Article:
I found this to be a fabulous little book perfect for any gardener! It was full of interesting facts, very handy hints and the authors’ own views on the world of gardening and found myself searching out online many of the plants mentioned as to get a feeling of what she was describing, so some illustrations would have been a lovely addition!

Will definitely be picking this book up again – it’s perfect for dipping in and out of! Really enjoyable!



The author was a niece of Lytton Strachey and was well-known in Bloomsbury circles; she was the subject of Julia, a memoir in her own words by Frances Partridge, who wrote a new Preface for our edition. This sardonic and beautifully written novella about a family in Forster territory was first published by Leonard and Virginia Woolf at the Hogarth Press in 1932. ‘As delightful and perceptive today as it no doubt was seventy years ago: on her wedding day a girl knows she is about to make a serious mistake’ (The Bookseller); ‘a brilliant, bittersweet upstairs-downstairs comedy’ wrote Shena Mackay in the Guardian.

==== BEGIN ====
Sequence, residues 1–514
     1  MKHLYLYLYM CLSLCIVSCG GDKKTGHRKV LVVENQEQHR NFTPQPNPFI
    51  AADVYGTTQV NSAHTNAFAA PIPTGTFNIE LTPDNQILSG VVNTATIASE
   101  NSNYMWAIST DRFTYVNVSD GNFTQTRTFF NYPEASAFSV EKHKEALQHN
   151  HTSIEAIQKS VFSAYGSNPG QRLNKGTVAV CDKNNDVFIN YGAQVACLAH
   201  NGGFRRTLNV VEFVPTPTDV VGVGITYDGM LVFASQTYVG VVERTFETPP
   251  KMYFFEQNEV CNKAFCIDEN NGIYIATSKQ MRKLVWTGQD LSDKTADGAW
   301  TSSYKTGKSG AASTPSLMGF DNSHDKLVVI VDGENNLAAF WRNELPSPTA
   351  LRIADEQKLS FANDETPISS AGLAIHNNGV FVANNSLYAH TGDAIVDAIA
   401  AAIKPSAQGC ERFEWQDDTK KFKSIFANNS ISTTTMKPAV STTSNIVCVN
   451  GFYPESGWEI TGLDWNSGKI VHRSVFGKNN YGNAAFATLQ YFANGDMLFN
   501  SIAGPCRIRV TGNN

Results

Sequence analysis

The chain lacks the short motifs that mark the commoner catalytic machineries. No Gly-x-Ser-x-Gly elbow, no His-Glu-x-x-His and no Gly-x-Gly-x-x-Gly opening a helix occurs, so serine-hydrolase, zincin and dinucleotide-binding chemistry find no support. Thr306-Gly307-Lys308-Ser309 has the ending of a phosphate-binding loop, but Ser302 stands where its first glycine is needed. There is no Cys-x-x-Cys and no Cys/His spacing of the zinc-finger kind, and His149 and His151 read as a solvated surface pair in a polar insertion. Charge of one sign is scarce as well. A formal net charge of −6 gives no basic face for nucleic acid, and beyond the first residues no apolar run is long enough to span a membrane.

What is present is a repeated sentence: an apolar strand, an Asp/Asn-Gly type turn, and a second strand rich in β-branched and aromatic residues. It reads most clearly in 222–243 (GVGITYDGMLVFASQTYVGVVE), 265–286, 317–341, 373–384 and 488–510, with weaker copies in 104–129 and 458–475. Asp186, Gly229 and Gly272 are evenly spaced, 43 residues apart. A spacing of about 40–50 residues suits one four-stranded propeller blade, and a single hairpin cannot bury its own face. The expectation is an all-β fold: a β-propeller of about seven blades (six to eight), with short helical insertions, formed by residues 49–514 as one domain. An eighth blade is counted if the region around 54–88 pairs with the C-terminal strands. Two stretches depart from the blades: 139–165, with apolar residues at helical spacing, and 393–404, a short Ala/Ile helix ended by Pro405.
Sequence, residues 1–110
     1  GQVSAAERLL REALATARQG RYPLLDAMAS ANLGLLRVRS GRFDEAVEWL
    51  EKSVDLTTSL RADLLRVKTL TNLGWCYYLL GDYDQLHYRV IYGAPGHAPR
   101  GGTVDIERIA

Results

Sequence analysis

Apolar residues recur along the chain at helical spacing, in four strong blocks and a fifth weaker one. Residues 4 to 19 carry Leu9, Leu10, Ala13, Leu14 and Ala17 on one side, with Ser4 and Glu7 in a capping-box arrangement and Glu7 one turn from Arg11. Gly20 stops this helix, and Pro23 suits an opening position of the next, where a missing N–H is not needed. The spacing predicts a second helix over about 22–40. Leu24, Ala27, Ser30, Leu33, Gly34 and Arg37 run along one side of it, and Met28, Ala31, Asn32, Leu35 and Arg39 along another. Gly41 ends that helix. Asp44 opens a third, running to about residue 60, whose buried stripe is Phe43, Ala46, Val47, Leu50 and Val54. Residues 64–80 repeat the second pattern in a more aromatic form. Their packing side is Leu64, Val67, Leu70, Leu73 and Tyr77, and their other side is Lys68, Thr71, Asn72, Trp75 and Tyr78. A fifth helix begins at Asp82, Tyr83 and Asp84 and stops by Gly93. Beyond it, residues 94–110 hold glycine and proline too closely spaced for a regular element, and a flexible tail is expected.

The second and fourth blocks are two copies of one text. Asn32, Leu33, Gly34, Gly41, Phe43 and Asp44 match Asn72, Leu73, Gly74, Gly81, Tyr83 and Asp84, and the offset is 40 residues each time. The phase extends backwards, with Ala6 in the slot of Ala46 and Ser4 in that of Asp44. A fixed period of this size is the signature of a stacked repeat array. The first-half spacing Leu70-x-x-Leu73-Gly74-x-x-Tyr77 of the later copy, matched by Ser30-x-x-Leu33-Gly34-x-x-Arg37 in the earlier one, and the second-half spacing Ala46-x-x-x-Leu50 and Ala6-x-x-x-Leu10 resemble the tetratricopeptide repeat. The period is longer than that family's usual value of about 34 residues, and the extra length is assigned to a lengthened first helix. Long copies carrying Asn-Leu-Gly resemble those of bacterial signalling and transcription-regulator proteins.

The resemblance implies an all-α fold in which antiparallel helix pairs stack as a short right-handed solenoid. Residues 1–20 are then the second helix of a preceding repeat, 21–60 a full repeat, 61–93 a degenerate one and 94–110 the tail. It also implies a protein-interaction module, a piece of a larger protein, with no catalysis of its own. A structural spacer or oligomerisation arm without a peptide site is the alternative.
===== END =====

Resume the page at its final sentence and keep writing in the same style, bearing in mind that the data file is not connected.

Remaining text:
Willie Maryngton always wanted to go to war. But he was born just too late to see action in the first world war, and it was a long wait until the second. Would he ever have his chance to be a hero?


Alex Selky, going on seven, kissed his mother goodbye and set off for school, a mere two blocks away. He never made it. Desperate to find him, his mother begins a vigil that lasts for days, then weeks, then months. She is treated first as a tragic figure, then as a grief-crazed hysteric, then as a reminder of the bad fortune that can befall us all. Against all hope, despite false leads and the desertions of her friends and allies she believes with all her heart that somehow, somewhere, Alex will be found alive.

Beth Gutcheon builds a heartrending suspense that culminates in a climax you will never forget.


Muriel, who believes that ‘men do as they like’ whereas women ‘wait to see what they will do’, lives in a town in Yorkshire waiting – for what? She tries to conform to the values of her snobbish, socially ambitious mother; she tries to be ‘attractive’ to men.

Throughout the description of life in small-town ‘Marshington’, Winifred Holtby expressed her conviction that young women should be allowed to live away from home, to work, to develop as personalities away from their families, to shake off the ties that many mothers seemed to think it was their prerogative to impose on their daughters

So, dilemma now is what to pick up next on the Persephone shelf!!  Tempted to pick off all the smaller novels first and then take my time with the ‘chunkier’ copies!!   

And this is why I love reading challenges!!   Gives me the kick up the bum that I sometimes need when faced with so many reading options!! 😉



6 thoughts on “My Year of Persephone – Reading Challenge 2018 Update!!

  1. Pingback: Links I’ve Enjoyed This Week – Secret Library Book Blog